Volunteers outside raindale mill, York Museums Trust, volunteer management, volunteer coordinator
Volunteers outside raindale mill, York Museums Trust

Meeting finished, I get back to my desk and quickly look through and add up the visitors numbers we have had over the last month.  As with most organisations, we need to report on how many sessions our volunteers run, how many volunteers have been on site and how many visitors they have come into contact with.  All of these figures help to promote our volunteer program and highlight to those who do not directly work with volunteers how vital they are not only to the visitor experience but also the organisation’s goals.

Deanna in store- helping out behind the scenes, York Museums Trust, volunteer coordinator, volunteer management
Deanna in store- helping out behind the scenes, York Museums Trust

I finally manage to have a look at my inbox and respond to as many inquiries as I can whilst swallowing some lunch.  I think it is important to try and respond to inquiries as fast as you can although I know for some organisations a quick response is difficult.  We are lucky that there are two of us in the Volunteers’ Team, I know a lot of organisations do not even have one person dedicated to volunteers.  However, you do need to think about how you are viewed in your local community – word of mouth is a powerful tool.  If volunteers, or even potential volunteers, feel they are not being taken seriously then they may begin telling their friends.

My last meeting of the day is to discuss an ongoing volunteer project that has recently been enhanced to include another strand.  The project has had several setbacks, from finance to staffing.  The member of staff currently looking after the project is still relatively new and has not worked extensively with volunteers before (although she is really keen to do so).  The Volunteer Team is not only here to support volunteers but also to support staff who supervise volunteers.  Contrary to some beliefs, supervising volunteers is not the same as supervising staff.  Paid staff are obliged to do as they are told as they are being paid to perform a service.  Volunteers offer their time, skills and knowledge without a financial reward and this should always be at the forefront of your mind when working with volunteers. We have recently also compiled a handbook for staff who supervises volunteers, helping them understand our volunteer policy, the demographics of our volunteers, legal issues etc.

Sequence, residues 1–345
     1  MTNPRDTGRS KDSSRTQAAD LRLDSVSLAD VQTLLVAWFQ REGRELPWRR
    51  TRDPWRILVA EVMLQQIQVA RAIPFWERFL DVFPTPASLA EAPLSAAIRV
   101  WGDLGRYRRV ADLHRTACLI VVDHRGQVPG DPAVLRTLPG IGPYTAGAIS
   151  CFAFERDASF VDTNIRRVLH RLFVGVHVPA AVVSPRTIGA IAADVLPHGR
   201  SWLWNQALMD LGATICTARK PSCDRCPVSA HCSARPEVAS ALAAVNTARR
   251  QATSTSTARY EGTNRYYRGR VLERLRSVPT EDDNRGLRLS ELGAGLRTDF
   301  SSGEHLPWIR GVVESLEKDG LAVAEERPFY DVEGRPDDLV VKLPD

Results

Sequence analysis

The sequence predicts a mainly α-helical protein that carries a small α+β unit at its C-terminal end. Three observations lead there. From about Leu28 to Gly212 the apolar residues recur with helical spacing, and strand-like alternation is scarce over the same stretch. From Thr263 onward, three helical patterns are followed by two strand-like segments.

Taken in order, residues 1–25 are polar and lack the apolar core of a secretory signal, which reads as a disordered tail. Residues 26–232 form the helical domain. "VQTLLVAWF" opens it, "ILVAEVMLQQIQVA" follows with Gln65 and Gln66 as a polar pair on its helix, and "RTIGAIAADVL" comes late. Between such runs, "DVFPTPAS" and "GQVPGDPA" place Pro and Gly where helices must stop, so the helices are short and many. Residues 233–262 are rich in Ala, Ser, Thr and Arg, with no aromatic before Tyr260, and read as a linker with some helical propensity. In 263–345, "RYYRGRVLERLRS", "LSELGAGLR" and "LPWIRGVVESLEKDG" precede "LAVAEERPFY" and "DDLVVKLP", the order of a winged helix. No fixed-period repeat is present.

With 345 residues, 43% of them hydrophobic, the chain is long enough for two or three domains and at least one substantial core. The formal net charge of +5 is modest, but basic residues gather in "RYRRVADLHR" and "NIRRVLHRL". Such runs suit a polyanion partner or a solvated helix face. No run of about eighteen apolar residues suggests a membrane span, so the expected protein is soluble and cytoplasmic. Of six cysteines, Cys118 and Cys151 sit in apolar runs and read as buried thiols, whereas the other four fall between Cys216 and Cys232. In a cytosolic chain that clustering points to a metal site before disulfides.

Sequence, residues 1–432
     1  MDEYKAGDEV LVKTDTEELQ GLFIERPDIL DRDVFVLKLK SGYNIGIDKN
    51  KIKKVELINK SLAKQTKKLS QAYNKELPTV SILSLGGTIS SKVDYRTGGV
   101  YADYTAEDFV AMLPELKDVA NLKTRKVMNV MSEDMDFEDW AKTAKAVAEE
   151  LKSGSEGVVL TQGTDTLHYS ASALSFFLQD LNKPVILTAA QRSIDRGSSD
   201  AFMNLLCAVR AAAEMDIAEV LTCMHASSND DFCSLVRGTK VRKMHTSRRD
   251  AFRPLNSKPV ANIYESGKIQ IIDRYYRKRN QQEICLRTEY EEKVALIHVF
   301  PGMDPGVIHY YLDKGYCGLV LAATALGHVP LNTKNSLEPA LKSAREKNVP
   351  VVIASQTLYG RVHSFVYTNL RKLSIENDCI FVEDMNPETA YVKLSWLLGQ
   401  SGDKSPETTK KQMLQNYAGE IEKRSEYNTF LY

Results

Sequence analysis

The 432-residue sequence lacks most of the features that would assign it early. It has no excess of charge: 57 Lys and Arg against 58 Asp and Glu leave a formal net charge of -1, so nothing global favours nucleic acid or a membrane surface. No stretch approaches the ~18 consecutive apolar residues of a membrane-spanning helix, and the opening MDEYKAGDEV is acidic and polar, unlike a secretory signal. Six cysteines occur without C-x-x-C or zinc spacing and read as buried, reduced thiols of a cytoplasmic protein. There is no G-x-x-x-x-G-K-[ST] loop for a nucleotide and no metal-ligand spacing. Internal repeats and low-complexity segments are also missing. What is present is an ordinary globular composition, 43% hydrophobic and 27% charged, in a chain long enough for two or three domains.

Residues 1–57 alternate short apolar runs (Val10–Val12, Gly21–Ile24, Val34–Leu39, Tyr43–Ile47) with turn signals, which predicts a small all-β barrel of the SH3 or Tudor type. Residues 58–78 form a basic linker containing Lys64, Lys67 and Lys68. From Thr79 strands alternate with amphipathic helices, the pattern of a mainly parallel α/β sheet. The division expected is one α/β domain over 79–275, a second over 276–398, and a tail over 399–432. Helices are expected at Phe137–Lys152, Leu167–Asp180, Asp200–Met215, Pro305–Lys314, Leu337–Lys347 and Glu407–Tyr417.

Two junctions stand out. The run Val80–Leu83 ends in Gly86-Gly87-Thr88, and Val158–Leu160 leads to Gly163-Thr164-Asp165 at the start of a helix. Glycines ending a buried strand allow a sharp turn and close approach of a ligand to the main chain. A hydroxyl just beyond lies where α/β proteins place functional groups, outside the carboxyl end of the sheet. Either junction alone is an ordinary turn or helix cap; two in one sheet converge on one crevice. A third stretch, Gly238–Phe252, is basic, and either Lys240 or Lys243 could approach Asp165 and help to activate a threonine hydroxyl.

I hope this has given a small insight into what the world of volunteers, volunteering and volunteer management can sometimes be like!  I find that everyone who works with volunteers on a daily basis is passionate and friendly; someone who understands the commitment is takes to be a volunteer and wants to make sure that their experience is one they will remember and will contribute to their life in some small way.

Our Teams are more than willing to share their knowledge and expertise with others who may just be starting out.  We always find it encouraging to know that all organisations, regardless of how their size or what sector they belong to, have the same set backs and successes.  It is always useful to find out how others cope with similar problems in the hope that their solution could be yours too!

If you want to find out more about York Museums Trust and its volunteering program, please contact me on amy.lang@ymt.org.uk or on +44 1904 650329.